The notifications tab lets you know when you have a new message, new follow request or when someone replies to a comment you’ve made or mentions you in one of theirs.

These classic features combine the best features of multiple social media platforms into one fast, fun and private app that is available on all mobile devices. The disappearing messages keep your private information and conversations safe from hackers providing for a secure social media experience.

Enjoy Social Media, Privately

Flashh gives users the power to control their social media profile and reputation, a powerful feature that is more important in today’s world than ever. A 2018 survey by CareerBuilder, a leading hiring firm, found that 70 percent of employers looked-up job candidates on social media when making hiring decisions. Just under half of the employers surveyed said they snoop on their current employees on social media, and a third of employers have taken disciplinary action, up to and including termination, against employees as a result of an employee’s social media content.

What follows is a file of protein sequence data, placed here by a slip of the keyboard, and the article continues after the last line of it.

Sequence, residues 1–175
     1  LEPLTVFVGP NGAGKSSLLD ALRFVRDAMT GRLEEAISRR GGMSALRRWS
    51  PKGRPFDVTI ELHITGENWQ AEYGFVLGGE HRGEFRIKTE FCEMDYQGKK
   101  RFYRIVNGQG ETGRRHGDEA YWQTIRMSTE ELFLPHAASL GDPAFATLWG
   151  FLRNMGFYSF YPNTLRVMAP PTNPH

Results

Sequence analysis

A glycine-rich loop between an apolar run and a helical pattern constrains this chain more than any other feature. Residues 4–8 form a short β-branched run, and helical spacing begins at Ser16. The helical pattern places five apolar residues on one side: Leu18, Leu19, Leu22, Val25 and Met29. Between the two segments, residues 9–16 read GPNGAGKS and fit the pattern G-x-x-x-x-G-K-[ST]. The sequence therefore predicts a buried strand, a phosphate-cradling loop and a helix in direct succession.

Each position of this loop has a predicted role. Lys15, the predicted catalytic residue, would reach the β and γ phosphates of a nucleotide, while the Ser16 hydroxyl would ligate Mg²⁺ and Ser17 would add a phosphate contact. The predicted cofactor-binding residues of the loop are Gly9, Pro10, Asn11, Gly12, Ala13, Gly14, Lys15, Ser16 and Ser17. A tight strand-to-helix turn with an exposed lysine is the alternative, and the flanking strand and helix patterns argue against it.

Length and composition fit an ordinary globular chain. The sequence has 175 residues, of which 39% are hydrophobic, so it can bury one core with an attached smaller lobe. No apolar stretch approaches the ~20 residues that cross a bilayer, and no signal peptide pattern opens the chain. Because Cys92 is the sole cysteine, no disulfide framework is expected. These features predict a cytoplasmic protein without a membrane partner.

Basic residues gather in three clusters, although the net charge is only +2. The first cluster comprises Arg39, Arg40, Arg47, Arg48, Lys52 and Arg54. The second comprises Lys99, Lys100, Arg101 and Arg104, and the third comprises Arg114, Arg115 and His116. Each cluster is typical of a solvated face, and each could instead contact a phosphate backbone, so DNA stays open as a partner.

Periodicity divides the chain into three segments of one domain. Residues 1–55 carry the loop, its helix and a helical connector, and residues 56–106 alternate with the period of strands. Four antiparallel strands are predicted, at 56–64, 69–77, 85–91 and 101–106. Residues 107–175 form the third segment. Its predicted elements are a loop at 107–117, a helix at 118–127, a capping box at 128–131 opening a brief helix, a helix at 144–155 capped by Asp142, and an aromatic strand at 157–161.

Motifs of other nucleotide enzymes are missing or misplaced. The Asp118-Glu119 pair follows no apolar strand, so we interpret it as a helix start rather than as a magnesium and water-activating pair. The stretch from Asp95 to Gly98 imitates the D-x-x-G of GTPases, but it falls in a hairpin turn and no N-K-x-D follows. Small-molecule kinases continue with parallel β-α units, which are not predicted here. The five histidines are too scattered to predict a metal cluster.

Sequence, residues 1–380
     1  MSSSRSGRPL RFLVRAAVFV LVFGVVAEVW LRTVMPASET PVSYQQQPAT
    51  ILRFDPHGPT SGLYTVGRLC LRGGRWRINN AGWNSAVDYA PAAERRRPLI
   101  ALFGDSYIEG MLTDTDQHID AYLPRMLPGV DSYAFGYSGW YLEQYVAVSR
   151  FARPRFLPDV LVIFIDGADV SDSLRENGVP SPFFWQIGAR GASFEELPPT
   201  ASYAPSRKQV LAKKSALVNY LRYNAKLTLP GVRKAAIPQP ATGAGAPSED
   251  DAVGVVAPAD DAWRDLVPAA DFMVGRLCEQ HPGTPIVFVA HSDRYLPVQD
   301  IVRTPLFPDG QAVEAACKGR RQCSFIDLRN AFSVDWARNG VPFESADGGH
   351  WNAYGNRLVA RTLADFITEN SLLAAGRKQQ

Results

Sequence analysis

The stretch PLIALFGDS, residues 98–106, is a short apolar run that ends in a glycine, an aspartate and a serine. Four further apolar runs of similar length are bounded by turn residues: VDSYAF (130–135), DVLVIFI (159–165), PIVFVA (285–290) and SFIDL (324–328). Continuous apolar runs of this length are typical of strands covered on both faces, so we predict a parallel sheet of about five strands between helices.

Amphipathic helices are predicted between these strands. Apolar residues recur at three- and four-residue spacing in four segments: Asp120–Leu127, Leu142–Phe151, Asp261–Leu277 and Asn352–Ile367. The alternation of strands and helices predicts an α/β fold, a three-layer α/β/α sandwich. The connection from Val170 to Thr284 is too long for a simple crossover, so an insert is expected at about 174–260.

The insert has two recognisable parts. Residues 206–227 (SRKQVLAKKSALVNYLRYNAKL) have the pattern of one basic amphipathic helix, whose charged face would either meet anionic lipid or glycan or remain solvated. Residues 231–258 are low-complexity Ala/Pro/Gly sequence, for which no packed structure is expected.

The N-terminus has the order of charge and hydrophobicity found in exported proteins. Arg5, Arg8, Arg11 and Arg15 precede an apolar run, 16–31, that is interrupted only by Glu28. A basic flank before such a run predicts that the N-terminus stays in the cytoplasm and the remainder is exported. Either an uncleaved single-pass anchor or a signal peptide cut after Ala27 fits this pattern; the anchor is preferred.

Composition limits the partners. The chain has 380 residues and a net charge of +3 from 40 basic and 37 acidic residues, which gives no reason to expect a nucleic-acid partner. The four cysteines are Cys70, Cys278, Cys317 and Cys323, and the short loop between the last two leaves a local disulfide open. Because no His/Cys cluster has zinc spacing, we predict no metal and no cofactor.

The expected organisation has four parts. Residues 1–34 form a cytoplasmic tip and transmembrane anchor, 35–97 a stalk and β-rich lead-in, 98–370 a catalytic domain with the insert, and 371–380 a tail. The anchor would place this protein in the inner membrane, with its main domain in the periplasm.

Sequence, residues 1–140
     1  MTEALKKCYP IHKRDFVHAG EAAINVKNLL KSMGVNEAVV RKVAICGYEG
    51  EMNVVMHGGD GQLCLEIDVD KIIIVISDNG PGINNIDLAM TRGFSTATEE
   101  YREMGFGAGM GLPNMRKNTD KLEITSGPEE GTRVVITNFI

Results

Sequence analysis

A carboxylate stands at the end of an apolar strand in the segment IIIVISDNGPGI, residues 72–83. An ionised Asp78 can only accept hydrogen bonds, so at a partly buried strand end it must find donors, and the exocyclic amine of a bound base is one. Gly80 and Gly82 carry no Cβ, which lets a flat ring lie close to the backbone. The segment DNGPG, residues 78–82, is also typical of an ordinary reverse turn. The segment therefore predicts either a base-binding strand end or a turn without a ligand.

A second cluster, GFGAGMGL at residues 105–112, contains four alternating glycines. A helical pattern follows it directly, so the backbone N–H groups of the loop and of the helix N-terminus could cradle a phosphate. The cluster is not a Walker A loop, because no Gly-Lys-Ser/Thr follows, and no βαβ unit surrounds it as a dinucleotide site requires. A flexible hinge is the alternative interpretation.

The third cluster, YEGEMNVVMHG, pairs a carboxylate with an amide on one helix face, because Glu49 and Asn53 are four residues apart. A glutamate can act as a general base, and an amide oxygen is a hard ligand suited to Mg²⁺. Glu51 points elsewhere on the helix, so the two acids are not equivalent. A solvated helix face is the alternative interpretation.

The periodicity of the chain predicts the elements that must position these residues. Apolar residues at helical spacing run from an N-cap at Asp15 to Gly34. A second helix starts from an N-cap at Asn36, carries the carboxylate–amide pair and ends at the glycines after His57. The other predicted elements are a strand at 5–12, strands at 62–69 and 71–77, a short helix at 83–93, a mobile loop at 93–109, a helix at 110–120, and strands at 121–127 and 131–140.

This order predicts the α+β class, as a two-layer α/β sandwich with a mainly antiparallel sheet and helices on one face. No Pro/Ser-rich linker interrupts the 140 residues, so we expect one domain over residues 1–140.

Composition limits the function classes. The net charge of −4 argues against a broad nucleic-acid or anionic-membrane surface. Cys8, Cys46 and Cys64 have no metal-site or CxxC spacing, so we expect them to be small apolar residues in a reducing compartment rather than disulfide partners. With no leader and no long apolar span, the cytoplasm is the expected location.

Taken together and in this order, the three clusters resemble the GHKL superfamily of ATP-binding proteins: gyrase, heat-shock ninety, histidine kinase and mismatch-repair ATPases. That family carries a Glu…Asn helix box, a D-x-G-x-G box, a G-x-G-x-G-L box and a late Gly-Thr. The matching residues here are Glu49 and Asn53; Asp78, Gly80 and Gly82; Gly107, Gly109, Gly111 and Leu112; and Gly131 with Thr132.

Getting passed over for a job or losing the one you have is bad enough, but sometimes the results of private social media ending up in public can be even more damaging. In his book, So You’ve Been Publicly Shamed, journalist Jon Ronson recounts stories of people whose social media posts were taken out of context, shared publicly and resulted in unfair and sometimes dangerous reprisals.

From Private Joke to Public Mob

Ronson tells the sad story of Lindsey Stone, a young woman from Massachusetts, who had an on-going private joke with her friend Jamie where they would take pictures of each other in front of signs while they pretended to disobey the sign’s directions. For instance, they would pose with a cigarette in front of a no smoking sign and similar situations. These pictures were intended to be private between the two of them, and neither ever imagined they would be anything but.

When Lindsey and Jamie travelled, they found funny photo opportunities to share with each other. One summer, Lindsey visited the Tombs of the Unknowns at Arlington National Cemetery, a public memorial to soldiers who perished in battle from World War I up to the present. Lindsey snapped a photo in front of a sign that read “Silence and Respect.” In keeping with her and Jamie’s joke, Lindsey pretended to scream and flip the middle finger, making fun of the sign by pretending to be loud and disrespectful. She shared the photo with Jamie via social media and that’s as far as the joke should have gone. Unfortunately, Jamie didn’t realize her profile was being shared publicly, and things took a turn for the worse quickly.